options to yum don’t use dashes, so -u and -U are both incorrect.
11. B. Yum uses files in the /etc/yum.repos.d directory to locate its repositories, so you can
add to the repository list by adding files to this subdirectory, as option B specifies, typically
either by installing an RPM or by adding a file manually. Option A describes a method of
adding a repository to a computer that uses APT, not Yum. Option C’s add-repository
subcommand is fictitious. Although the /etc/yum.conf file described in option D is real, it
doesn’t store repository data.
12. B. The /etc/ld.so.conf file holds the global library path, so editing it is the preferred
approach. You must then type ldconfig to have the system update its library path cache.
Although you can add a directory to the library path by altering the LD_LIBRARY_PATH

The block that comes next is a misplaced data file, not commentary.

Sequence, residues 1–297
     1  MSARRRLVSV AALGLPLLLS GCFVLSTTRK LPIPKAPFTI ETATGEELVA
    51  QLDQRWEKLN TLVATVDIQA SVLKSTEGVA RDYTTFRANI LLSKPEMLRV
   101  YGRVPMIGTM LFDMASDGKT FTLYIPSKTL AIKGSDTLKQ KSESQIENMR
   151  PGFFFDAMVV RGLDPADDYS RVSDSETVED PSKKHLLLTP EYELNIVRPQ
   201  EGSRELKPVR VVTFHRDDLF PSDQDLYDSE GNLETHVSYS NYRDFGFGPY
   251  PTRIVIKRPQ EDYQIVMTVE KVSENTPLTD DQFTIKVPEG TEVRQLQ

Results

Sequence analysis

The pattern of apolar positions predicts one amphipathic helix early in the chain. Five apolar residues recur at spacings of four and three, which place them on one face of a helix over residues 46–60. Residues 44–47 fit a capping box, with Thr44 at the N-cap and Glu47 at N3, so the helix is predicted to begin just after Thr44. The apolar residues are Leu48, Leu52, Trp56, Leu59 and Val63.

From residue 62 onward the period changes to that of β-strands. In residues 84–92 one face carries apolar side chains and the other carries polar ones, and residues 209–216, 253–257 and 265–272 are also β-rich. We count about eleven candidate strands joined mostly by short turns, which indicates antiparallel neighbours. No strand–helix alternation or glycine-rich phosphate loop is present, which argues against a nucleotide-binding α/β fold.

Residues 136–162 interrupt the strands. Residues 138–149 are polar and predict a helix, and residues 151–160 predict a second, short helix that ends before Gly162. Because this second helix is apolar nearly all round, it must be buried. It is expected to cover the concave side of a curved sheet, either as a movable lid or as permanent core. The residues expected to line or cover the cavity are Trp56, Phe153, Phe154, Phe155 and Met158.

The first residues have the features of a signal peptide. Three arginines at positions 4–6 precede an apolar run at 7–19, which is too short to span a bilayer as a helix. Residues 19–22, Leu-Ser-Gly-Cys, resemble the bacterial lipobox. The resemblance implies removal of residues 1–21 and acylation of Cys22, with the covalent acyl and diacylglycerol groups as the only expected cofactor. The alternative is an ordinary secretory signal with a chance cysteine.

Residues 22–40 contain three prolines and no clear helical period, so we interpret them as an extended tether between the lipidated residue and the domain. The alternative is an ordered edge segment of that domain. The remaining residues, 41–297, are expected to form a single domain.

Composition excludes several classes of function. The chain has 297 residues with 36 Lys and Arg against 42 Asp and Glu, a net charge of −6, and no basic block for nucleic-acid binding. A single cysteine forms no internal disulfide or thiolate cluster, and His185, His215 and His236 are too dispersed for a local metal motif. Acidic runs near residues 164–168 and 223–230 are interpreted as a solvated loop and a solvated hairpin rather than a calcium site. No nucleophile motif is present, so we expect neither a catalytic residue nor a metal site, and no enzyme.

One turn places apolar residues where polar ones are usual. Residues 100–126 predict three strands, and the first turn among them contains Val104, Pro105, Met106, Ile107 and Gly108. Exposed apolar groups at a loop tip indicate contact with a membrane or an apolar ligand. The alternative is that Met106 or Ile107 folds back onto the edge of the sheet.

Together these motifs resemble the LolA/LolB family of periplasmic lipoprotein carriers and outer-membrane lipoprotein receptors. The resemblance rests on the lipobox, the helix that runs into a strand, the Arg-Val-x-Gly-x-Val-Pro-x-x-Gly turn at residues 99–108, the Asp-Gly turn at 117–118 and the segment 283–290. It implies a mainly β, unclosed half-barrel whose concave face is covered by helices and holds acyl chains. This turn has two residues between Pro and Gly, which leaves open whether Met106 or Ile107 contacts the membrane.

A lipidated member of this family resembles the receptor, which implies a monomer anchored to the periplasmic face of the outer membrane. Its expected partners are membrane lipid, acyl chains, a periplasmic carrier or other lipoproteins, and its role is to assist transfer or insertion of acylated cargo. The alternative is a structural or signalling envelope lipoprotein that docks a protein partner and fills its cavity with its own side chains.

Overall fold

environment variable globally, this approach isn’t the preferred one. Option C simply won’t
work. Option D also won’t work, although linking individual library files would work. This
method isn’t the preferred one for adding a whole directory, though.
13. D. Libraries are selected by programmers, not by users or system administrators. If you
don’t like the widgets provided by one library, you have few options. (Many widget sets
do provide a great deal of configurability, though, so you may be able to work around the
problem in other ways.) Options A and B describe fictitious options to ldconfig, rpm, and
dpkg. Option C wouldn’t work; Qt-using programs would crash when they found GTK+
libraries in place of the Qt libraries they were expecting.
14. D. The kill program accepts various signals in numeric or named form (9 in this example)
along with a process ID number (11287 in this example). Signal 9 corresponds to SIGKILL,
which is an extreme way to kill processes that have run out of control. Although you might
use kill to kill network processes, you can’t pass kill a TCP port number and expect it to
work. The program also won’t display